because, as Laban, who spoke first, as being the elder, explained, the heap was to be a "witness between him and Jacob." The historian then adds this explanation: "therefore they called his name Gal'ed," and immediately afterwards introduces a second name, which the heap received from words that were spoken by Laban at the conclusion of the covenant (Genesis 31:49): "And Mizpah," i.e., watch, watch-place (sc., he called it), "for he (Laban) said, Jehovah watch between me and thee; for we are hidden from one another (from the face of one another), if thou shalt oppress my daughters, and if thou shalt take wives to my daughters! No man is with us, behold God is witness between me and thee!" (Genesis 31:49, Genesis 31:50). After these words of Laban, which are introduced parenthetically,

(Note: There can be no doubt that Genesis 31:49 and Genesis 31:50 bear the marks of a subsequent insertion. But there is nothing in the nature of this interpolation to indicate a compilation of the history from different sources. That Laban, when making this covenant, should have spoken of the future treatment of his daughters, is a thing so natural, that there would have been something strange in the omission. And it is not less suitable to the circumstances, that he calls upon the God of Jacob, i.e., Jehovah, to watch in this affair. And apart from the use of the name Jehovah, which is perfectly suitable here, there is nothing whatever to point to a different source; to say nothing of the fact that the critics themselves cannot agree as to the nature of the source supposed.)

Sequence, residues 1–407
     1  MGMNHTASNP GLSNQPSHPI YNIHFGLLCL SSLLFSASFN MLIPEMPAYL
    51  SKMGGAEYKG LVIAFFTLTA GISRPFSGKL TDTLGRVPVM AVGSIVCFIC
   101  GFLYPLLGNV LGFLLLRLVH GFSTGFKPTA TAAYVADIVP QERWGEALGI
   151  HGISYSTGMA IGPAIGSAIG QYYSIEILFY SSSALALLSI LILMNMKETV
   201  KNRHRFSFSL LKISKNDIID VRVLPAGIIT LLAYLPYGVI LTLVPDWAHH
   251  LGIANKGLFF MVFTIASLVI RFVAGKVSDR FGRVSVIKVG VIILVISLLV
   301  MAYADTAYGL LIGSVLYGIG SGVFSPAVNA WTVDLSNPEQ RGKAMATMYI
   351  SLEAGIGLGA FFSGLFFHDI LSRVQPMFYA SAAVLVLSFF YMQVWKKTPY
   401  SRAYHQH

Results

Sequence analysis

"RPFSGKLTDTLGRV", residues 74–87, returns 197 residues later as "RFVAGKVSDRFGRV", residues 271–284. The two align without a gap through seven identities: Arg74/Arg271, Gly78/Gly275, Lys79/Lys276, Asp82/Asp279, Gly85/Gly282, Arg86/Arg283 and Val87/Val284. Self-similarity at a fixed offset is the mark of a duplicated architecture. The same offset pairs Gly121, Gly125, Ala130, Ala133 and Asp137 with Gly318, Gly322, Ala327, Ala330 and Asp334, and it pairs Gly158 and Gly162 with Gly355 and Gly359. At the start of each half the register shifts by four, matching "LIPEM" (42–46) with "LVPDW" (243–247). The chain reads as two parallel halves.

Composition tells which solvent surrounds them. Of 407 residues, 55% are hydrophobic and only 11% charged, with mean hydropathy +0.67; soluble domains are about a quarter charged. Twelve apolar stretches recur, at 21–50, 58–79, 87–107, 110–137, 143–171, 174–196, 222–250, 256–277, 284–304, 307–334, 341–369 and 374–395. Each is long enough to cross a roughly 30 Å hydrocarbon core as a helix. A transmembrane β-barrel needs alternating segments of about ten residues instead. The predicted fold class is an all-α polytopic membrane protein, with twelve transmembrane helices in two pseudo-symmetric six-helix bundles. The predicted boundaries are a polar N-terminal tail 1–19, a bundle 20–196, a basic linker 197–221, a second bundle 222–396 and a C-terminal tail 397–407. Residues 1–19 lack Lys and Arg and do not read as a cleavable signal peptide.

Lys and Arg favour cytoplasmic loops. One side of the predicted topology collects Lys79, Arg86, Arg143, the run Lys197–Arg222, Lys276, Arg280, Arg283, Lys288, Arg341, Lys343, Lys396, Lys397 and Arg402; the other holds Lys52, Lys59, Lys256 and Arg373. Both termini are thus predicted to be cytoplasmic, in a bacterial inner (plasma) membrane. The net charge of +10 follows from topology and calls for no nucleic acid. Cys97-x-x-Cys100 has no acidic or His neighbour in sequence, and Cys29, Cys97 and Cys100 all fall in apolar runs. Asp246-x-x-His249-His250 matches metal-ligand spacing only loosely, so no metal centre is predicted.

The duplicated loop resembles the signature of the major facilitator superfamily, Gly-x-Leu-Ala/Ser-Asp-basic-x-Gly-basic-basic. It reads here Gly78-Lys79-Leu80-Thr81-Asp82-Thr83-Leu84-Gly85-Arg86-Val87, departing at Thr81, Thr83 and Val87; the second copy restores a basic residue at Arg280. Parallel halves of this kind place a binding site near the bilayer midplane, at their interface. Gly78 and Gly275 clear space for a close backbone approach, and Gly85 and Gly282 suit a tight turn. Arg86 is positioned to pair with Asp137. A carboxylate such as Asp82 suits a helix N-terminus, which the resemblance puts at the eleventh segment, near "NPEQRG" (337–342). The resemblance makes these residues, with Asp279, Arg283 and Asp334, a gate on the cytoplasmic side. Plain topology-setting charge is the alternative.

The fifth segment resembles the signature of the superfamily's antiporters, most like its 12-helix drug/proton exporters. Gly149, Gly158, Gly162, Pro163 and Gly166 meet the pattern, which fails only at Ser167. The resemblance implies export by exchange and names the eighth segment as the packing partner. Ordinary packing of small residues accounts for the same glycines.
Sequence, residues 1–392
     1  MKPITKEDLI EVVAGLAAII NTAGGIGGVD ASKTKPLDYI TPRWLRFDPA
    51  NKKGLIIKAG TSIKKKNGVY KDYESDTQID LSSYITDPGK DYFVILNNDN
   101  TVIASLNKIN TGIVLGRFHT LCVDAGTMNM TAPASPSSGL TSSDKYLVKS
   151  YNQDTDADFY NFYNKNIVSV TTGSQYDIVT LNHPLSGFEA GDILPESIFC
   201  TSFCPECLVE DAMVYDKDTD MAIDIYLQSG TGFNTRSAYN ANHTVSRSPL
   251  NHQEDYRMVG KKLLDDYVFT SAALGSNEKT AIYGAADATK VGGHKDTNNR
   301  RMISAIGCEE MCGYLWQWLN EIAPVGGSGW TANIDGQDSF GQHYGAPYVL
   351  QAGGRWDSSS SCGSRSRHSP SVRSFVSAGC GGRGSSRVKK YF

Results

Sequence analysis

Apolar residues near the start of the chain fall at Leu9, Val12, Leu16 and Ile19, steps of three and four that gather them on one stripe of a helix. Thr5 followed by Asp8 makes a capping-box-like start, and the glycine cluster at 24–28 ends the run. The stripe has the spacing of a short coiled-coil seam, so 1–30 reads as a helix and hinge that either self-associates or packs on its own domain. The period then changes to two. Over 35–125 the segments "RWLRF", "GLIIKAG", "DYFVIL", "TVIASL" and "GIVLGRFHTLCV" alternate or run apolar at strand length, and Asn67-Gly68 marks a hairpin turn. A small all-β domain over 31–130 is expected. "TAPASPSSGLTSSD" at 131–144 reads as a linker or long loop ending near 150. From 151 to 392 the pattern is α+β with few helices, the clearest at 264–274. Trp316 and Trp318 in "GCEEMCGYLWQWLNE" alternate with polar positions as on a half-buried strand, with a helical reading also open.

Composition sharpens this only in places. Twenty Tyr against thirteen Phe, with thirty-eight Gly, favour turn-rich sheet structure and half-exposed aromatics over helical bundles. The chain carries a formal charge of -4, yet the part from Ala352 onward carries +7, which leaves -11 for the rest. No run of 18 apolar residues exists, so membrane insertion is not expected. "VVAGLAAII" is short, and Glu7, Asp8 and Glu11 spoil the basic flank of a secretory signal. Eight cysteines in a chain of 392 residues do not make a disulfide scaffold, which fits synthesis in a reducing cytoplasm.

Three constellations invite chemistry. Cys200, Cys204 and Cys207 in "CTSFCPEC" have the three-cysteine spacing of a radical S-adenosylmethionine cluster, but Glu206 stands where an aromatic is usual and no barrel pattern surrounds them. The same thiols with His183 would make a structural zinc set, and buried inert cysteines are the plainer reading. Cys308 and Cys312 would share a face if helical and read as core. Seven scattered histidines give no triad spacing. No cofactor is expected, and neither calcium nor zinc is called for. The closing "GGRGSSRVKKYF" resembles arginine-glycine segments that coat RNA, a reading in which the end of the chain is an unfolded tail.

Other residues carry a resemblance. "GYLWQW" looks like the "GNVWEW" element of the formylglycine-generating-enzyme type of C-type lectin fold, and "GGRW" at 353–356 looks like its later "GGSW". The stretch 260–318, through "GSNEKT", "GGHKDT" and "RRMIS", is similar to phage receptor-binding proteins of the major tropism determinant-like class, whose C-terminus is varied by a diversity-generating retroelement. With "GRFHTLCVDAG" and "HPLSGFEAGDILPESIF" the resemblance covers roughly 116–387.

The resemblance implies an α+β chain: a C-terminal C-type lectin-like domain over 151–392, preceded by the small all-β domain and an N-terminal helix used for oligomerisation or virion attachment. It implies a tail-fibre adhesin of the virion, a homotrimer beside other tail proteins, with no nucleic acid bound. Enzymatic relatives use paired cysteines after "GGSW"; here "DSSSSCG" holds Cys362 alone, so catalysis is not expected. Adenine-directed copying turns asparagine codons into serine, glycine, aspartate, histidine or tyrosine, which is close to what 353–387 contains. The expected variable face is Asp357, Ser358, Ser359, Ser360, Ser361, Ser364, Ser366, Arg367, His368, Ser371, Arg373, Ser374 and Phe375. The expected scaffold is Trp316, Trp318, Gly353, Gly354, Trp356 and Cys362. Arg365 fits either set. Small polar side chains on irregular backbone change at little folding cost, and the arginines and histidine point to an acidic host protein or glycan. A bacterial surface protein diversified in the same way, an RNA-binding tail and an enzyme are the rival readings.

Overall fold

and in which he enjoined upon Jacob fidelity to his daughters, the formation of the covenant of reconciliation and peace between them is first described, according to which, neither of them (sive ego sive tu, as in Exodus 19:13) was to pass the stone-heap and memorial-stone with a hostile intention towards the other. Of this the memorial was to serve as a witness, and the God of Abraham and the God of Nahor, the God of their father (Terah), would be umpire between them. To this covenant, in which Laban, according to his polytheistic views, placed the God of Abraham upon the same level with the God of Nahor and Terah, Jacob swore by "the Fear of Isaac" (Genesis 31:42), the God who was worshipped by his father with sacred awe. He then offered sacrifices upon the mountain, and invited his relations to eat, i.e., to partake of a sacrificial meal, and seal the covenant by a feast of love.